BAE is developing a suit of body armour.
In 2008 Marvel Entertainment released the film Iron Man, the story of how billionaire playboy engineer Tony Stark builds a suit of powered armour to fight the bad guys. The film marked Robert Downey Jr.'s return to the A-list and Marvel shareholders were rewarded with a nice jump in the share price.
Although I no longer own Marvel shares, I still have a soft spot for Iron Man. So when I came across an announcement from the Anglo-American defence contractor BAE Systems (LSE: BA) that it had developed a suit of body armour which it said was "… part of a program leading to our own Iron Man", I thought I'd better have a closer look.
Less weight, more speed
Soldiers on the modern battlefield need to carry lots of electrical equipment; a US Army squad leader wearing standard-issue gear can be weighed down with up to 16 pounds of batteries. That's a lot of juice!
BAE has developed a suit of body armour which contains a power supply that allows soldiers to operate without the need for battery packs. The armour also contains sensors and wireless communications devices for the battlefield internet.
Whilst BAE's armour isn't a full body suit with hydraulics that let you lift cars, they're working on that too! You may have seen videos like these of exoskeletons, similar to the cargo loaders in the film Aliens, which greatly magnify the wearers' strength. Combine these with body armour and you're halfway there to a real-life Iron Man.
The need to innovate
Every business needs to innovate. Whilst failing to keep up with the competition can damage a company, in military matters it is often fatal. But sometimes people just won't take the hint. The French were slaughtered at the Battle of Agincourt because they hadn't bothered to develop a counter-measure to the Welsh longbow, even though it had been used on them for the best part of seventy years!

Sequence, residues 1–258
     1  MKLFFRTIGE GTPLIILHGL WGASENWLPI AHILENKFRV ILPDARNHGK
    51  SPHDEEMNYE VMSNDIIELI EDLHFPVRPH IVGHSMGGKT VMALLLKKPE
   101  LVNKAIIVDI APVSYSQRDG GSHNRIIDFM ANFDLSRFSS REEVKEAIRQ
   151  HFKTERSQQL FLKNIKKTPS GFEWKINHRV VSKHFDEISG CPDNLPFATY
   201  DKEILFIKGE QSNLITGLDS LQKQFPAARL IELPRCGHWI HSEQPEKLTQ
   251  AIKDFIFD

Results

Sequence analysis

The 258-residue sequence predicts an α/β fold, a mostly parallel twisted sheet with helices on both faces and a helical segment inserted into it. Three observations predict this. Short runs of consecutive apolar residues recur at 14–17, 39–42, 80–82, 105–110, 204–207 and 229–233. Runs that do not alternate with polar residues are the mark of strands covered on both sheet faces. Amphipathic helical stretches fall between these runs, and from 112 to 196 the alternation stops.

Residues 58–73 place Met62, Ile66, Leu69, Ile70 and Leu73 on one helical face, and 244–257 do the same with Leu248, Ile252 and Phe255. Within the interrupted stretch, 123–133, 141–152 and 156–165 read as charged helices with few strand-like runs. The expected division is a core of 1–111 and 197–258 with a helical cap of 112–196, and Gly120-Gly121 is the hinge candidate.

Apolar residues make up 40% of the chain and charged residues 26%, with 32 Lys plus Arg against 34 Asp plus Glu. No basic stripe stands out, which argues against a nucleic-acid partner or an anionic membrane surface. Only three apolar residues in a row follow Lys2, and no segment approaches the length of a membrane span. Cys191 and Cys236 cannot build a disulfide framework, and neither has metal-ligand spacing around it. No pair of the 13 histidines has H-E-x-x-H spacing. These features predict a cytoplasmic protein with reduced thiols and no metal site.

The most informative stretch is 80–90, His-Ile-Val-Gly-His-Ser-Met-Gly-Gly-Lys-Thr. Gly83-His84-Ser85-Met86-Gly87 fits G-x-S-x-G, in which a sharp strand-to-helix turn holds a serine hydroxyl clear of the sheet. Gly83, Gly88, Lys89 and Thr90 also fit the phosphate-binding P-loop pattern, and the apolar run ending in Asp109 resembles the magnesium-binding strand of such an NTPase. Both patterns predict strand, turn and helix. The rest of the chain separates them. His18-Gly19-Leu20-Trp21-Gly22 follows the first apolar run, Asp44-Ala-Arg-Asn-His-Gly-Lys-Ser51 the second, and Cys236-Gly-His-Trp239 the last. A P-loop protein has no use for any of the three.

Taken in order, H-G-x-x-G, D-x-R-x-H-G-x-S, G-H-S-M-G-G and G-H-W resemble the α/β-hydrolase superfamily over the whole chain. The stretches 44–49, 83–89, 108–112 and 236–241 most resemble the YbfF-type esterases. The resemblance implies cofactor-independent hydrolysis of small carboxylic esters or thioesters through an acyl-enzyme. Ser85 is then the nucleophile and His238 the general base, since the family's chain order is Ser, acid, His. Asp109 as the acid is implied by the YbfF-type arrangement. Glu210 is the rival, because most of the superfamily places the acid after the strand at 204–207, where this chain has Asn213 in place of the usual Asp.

In the last few decades almost everyone who has taken on a western-style military force in a set-piece battle has been comprehensively defeated. So tactics have changed and the west is increasingly being targeted by non-state groups, organised crime cartels and state-sponsored terrorist organisations which use what military strategists call Fourth Generation Warfare.
This result is that there is should be less demand for conventional cold-war era equipment, such as 60-ton main battle tanks and jet fighters, and more demand for anti-terrorist and counter-insurgency kit such as pilotless drones, sensors and protection for our troops (who will want Iron Man-style armour).
Whilst I'm not a shareholder in BAE, I have been in the past and expect that I will be in the future, if I was I'd be reassured that the company is continuing to innovate like this. BAE seems to be out in front with its very own Iron Man.
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